This went better. There was a FAQ on the first page of results but the answer just went on and on. “The season runs from mid-June to mid-October. Although every year is different, and it comes down to Mother Nature, the best time for dry powder is mid-June, July, August, and up to the 2nd week in September. After that,….” Again we have a non-unique answer because my question was not that specific in the first place.

What is the Reputation of LingPipe?

This is a question that a group of Columbia MBA students took on for us in their small business program which I recommend btw.

This question was hopeless in search because there is not a page out there that needs to be found with our reputation nicely summarized. Answering the question requires distillation across many resources even if information was restricted to web only.

Welcome to the real world, question answering is hell.

Where Might Watson Flourish Outside of Jeopardy! Tournaments?

Jeopardy! is a game of finding the uniquely obvious given indirect clues. Otherwise it is not a game that can be judged and played. What else in the world has this quality? The Watson team is now approaching medical diagnosis which is a real world use case that might match the Jeopardy! game format with symptoms as clues and diagnosis as the answer. Uniqueness is not guaranteed in diagnosis but Watson can handle multiple answers. This is an area where computer systems from the 1970’s, e.g. Mycin, out performed experts but they didn’t have a NLP component. Medical diagnosis, once symptoms are recognized, is a game like problem.

In the end Watson is an engineering achievement, but in no way have the skills of a good reference librarian been replicated.

I came across an interesting article by Michael Lind on information technology and its role in productivity while writing this blog post. Interestingly he puts information technology in the same time bracket as I do.

Breck

3 Responses to “IBM’s Watson and the State of NLP”

  1. John Lehmann Says:

    Great analogies!

    I also noted that the Jeopardy’s rich keyword sets result in correct “answers” being highly ranked in search engines. Even less realistic are the Jeopardy “questions” which describe two of the correct answer’s senses. Those are nice problems but aren’t realistic to automatic Q/A (“This plain-weave, sheer fabric made with tightly twisted yard is also used to describe a pie or a cake”).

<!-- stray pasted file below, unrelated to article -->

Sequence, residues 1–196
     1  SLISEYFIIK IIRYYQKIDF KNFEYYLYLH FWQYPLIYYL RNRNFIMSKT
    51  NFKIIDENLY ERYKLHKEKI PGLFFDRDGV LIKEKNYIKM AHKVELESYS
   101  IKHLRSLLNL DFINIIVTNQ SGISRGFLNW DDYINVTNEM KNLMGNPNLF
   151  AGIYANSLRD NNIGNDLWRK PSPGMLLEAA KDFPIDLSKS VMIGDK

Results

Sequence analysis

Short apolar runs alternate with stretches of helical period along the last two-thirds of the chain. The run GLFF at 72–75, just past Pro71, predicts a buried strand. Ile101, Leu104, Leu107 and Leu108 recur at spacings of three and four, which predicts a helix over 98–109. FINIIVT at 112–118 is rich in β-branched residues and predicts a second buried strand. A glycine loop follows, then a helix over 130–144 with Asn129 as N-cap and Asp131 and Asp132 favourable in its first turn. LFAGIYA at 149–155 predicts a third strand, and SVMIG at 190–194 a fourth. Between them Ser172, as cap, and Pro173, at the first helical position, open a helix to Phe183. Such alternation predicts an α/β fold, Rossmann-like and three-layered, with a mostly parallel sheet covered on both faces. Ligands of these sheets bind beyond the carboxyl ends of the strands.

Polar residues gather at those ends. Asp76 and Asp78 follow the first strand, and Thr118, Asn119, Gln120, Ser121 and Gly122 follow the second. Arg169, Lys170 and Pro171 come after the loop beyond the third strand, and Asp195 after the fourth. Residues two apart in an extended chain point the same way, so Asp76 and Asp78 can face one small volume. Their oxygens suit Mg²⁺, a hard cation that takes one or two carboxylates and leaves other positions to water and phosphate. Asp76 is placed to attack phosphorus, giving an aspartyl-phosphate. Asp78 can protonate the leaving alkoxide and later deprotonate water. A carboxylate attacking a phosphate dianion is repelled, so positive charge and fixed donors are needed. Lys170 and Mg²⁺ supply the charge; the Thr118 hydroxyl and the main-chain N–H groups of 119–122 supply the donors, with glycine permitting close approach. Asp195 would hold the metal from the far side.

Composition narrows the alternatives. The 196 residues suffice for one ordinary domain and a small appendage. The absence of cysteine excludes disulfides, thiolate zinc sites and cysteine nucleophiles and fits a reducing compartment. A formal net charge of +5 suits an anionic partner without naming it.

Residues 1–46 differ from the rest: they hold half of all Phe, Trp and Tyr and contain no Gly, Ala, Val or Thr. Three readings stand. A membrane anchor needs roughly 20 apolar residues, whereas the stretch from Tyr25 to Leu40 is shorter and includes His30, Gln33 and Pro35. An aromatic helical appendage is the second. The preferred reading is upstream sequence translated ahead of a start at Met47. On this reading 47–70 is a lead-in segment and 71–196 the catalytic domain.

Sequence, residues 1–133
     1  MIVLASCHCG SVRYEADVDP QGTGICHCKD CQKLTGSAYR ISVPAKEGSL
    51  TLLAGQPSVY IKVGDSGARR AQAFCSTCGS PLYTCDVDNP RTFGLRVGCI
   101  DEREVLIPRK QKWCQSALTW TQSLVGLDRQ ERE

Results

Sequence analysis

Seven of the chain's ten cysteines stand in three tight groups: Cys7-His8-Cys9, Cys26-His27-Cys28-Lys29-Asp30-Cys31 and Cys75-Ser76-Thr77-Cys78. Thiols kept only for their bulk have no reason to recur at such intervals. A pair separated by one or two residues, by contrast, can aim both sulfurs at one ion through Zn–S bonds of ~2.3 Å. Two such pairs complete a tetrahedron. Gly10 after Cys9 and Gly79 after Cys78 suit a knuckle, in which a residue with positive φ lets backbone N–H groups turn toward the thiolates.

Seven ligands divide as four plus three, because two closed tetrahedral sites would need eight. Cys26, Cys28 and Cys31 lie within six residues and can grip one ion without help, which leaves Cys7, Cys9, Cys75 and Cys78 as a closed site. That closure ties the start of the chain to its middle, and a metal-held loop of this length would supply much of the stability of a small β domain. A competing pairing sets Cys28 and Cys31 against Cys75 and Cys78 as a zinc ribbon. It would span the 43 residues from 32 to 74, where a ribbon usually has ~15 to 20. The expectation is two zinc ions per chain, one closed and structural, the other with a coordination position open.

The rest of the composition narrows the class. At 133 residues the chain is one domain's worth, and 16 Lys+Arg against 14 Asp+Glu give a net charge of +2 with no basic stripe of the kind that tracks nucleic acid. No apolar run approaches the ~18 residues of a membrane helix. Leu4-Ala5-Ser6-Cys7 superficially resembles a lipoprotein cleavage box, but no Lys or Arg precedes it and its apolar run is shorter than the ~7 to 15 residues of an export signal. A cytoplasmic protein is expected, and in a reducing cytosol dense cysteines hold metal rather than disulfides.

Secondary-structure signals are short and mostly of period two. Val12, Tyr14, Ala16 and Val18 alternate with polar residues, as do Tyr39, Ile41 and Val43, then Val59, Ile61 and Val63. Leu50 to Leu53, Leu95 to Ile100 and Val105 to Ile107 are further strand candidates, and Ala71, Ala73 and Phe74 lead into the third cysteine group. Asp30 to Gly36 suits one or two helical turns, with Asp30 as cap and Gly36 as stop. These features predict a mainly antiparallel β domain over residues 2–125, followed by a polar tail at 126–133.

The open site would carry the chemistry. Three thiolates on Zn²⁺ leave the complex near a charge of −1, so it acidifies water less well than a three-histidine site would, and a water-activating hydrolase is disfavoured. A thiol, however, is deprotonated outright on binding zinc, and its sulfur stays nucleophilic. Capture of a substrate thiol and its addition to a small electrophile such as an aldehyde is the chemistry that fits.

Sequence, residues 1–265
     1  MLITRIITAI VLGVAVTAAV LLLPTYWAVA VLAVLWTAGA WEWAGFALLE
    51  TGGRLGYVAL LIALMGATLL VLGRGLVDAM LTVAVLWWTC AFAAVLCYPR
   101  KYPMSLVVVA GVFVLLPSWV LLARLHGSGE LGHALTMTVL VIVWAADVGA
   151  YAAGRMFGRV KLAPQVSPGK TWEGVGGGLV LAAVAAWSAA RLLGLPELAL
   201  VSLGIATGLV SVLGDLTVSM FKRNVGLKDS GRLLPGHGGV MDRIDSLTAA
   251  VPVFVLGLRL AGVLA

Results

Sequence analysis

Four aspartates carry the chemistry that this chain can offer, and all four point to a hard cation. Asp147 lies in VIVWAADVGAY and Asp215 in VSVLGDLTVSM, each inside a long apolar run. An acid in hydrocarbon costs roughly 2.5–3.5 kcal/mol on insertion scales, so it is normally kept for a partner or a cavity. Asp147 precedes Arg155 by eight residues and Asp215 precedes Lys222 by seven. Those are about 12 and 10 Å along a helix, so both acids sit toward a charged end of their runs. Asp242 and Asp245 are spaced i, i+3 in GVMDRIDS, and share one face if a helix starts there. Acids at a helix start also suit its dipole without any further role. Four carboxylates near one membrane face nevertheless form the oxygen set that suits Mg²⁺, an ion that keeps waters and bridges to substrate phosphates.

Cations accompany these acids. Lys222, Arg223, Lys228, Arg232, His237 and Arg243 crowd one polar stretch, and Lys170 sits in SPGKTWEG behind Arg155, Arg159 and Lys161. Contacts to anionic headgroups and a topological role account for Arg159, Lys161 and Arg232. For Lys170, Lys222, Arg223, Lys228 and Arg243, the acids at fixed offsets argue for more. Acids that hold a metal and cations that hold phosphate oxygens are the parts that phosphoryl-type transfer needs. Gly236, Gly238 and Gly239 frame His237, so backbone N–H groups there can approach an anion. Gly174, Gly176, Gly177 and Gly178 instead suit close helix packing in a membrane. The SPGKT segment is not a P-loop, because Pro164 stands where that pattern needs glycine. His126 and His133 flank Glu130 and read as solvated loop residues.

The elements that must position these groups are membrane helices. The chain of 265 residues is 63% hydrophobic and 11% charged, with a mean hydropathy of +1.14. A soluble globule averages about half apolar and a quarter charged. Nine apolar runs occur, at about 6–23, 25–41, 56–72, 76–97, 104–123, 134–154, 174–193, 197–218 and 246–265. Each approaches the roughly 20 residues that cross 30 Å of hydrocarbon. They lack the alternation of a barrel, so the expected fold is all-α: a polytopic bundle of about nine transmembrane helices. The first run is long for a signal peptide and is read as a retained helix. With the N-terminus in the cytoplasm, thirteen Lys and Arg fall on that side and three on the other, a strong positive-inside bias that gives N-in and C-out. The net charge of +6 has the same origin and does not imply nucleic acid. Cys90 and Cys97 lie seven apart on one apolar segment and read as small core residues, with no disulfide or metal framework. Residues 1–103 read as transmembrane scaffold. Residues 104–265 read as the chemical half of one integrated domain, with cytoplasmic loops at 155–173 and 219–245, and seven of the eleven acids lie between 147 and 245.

That being said I don’t want to diminish IBM’s fantastic accomplishment and applaud the progress that they made in this sort of “first flight”.

  2. Bob Carpenter Says:

    As I’ve said in other posts on other blogs and to many people in person, Watson’s very impressive as a train set even if you know how train sets work.

    0. I’m a bit more optimistic than Breck that it’s getting close to some of the kinds of questions people have. Part of the issue is whether the system can learn when it’s going to be wrong in a more heterogeneous question-answering environment. So far, NLP technologies are not very good at that (look, for instance, at the number of false positives from relatively easy problems like web query spell checking).

    1. Going back to Deep Blue (IBM’s chess-playing program), you could say the same thing about it in comparison to a human. IBM didn’t replicate a human chess player, they built something different with different abilities. Most specifically, the ability to beat a human at a game that seemed, at least until the point of IBM’s entry, to require intelligence.

    I’d say that in many ways Watson is better than a reference librarian. If you just allowed Watson to show you the source of its answer, it’d be more believable still.

    In fact, plain old search engines like Bing or Google work better than generic reference librarians for the kinds of queries I make (e.g., [hamiltonian monte carlo convergence rate]).

    2. The analogy to flight reminds me of Hynek Hermansky’s 1998 ICSLP talk. About that time, the funding agencies in the US and Europe were declaring speech a “solved problem”. Hynek put up images ranging from hot air baloons (perhaps a better analogy to where we’re at now), through to jets, and asked when the flight problem was solved, and if it was solved, why research into flight was such a large part of DARPA and other funding agency’s research budget.

    3. Temporal questions are a mess if you can’t add a specific date.

  3. Help Build a Watson Clone–Participants Sought for LingPipe Code Camp | LingPipe Blog Says:

    […] have blogged about Watson before and I totally respect what they have done. But the coverage is getting a bit breathless with […]